James 4:14-15

Whereas ye know not what shall be on the morrow. For what is your life? It is even a vapour, that appeareth for a little time, and then vanisheth away. For that ye ought to say, If the Lord will, we shall live, and do this, or that.

When we start off on the first hole, we have our minds set on playing either 9 or 18 holes. Most of the time we reach the end of the set goal without issue. However, sometimes unforeseen emergencies or a change in the weather force us to cut things short. We live our lives in similar fashion. We assume that we are warranted for a good 80 or maybe 90 years and make plans accordingly. We will graduate from a couple of institutions, get a good job, marry the love of our lives, have 2.5 children, work until 60, and then have those children take care of us during retirement. Sometimes these assumptions, expectations and desires are made to be our prayers without any consideration as to God’s plan. Confusion ensues when things do not happen according to our blueprint.

When I was younger, I was intrigued by our pastor when he pretexted everything with “Lord willing.” After a Sunday morning service, he would even give the happening of an evening service to “if it be the Lord’s will.” I thought to myself “what could possibly happen in six hours to change us not having church?” As I got older, I began to understand what can and will happen in the course of hours and even minutes. We have had March snow storms, power outages on a cloudless day, and sicknesses which have altered our assumed schedule of events.

We cannot take anything for granted or assume it is God’s will for all of our plans to come to fruition. When we pray for things to happen according to God’s will, it does not change the mind or sovereignty of God. By pretexting our plans and desires with “if it be the Lord’s will”, we indicate our desire to act in accordance and in the knowledge of His will or plan.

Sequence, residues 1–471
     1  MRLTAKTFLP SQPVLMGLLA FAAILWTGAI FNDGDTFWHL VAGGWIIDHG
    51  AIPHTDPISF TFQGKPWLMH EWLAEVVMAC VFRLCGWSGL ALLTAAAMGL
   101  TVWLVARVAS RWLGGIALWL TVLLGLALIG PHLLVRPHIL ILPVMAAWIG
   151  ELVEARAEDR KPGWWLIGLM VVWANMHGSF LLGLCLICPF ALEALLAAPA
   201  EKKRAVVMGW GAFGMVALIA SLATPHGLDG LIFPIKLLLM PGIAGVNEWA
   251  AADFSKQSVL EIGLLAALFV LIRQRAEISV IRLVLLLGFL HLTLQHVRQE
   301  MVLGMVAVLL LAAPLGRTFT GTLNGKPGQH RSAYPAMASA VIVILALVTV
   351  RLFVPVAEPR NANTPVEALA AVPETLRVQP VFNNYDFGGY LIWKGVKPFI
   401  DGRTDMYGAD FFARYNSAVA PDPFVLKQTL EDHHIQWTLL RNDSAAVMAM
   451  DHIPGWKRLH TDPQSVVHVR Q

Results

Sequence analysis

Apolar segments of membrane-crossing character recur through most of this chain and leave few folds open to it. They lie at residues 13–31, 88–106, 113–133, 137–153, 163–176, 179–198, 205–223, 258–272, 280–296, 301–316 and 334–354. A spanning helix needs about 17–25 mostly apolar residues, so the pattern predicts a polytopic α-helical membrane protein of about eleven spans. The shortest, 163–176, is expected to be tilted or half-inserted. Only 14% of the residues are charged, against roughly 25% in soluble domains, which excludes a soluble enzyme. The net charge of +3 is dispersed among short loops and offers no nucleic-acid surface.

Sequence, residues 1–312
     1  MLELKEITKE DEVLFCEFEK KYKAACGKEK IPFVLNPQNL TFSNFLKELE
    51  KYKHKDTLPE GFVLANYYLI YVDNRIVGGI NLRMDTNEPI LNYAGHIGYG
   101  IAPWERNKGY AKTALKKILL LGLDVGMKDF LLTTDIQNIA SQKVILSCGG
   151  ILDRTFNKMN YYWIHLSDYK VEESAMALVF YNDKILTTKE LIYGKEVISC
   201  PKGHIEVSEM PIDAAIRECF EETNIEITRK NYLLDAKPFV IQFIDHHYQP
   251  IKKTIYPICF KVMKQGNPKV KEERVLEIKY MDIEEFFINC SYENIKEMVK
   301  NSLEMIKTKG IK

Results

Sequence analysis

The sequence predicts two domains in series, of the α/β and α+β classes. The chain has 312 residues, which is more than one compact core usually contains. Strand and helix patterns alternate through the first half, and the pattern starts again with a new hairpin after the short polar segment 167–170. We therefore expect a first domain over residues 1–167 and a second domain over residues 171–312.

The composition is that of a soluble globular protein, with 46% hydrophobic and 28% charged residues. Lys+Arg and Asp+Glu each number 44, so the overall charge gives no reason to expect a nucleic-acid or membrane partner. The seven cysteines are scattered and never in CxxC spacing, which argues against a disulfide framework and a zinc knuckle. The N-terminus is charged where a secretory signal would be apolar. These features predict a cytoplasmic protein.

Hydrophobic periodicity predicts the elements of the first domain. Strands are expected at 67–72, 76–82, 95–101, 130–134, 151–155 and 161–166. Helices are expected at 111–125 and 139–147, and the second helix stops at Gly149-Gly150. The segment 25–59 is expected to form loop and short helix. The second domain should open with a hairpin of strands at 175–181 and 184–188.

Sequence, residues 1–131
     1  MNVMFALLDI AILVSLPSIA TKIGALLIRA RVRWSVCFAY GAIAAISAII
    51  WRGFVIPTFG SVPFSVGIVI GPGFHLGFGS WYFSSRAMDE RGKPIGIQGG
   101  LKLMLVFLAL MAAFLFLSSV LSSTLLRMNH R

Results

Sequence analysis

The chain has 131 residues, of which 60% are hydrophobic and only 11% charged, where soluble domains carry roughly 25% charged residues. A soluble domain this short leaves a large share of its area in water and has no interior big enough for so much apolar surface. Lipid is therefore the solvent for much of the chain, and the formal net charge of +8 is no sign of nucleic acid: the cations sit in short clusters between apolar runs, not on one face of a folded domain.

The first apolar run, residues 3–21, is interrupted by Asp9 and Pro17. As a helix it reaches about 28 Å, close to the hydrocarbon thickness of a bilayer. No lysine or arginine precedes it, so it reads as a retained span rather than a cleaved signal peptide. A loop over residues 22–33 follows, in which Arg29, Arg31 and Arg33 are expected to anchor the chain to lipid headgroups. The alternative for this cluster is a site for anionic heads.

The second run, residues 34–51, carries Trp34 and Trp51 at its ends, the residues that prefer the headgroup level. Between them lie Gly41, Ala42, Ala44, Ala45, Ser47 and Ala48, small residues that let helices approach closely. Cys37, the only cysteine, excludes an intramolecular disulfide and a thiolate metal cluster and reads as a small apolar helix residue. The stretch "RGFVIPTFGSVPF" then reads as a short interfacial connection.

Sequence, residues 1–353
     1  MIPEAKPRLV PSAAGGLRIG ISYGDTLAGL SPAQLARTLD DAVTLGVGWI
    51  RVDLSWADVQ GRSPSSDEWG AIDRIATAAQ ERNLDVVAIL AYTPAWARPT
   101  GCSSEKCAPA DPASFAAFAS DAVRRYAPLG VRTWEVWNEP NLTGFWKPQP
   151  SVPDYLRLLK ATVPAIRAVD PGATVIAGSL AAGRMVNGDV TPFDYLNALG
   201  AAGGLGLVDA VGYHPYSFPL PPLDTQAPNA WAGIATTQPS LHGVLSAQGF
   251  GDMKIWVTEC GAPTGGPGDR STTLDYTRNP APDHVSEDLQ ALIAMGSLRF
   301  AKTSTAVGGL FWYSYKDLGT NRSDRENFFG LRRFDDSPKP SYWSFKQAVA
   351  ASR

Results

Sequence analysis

In Psalms 47:4, we are told that, “He shall choose our inheritance for us, the excellency of Jacob whom he loved. Selah.” It is easy for us to try and choose our own inheritances, crosses, talents and blessings. Many emotional and financial stresses are created when we attempt to impose our will upon God. The quicker we accept God’s will as our own, the sooner we come to the realization that His plan is perfect and best for our life. Many of us have came upon an accident on the interstate and then reminded of the short delay which prevented us from getting on the road those couple of minutes on our “planned” departure. These realizations give us a great perspective of His plan.

A great contentment is realized when we are able to make God’s will and our desire the same. It is impossible to be fully contented solely with our own selfish desires. We have much experience in the times our life does not go according to our plan. There are delays, missing pieces, lost keys, sickness, and uncooperative people unto which we have placed dependence. If our will is disconnected from God’s will, heartache is inevitable.

By accepting and desiring God’s will, the believer is able live a contented life. When we ask for His will be done, we must be acceptance of this plan. Before we accepted Christ, our will was based upon our own worldly perception and dependence upon our own abilities. The convicting Spirit gave us the knowledge of our insufficiency. Let us desire this same leading and convicting Spirit as we live a dedicated life solely according to His plan.

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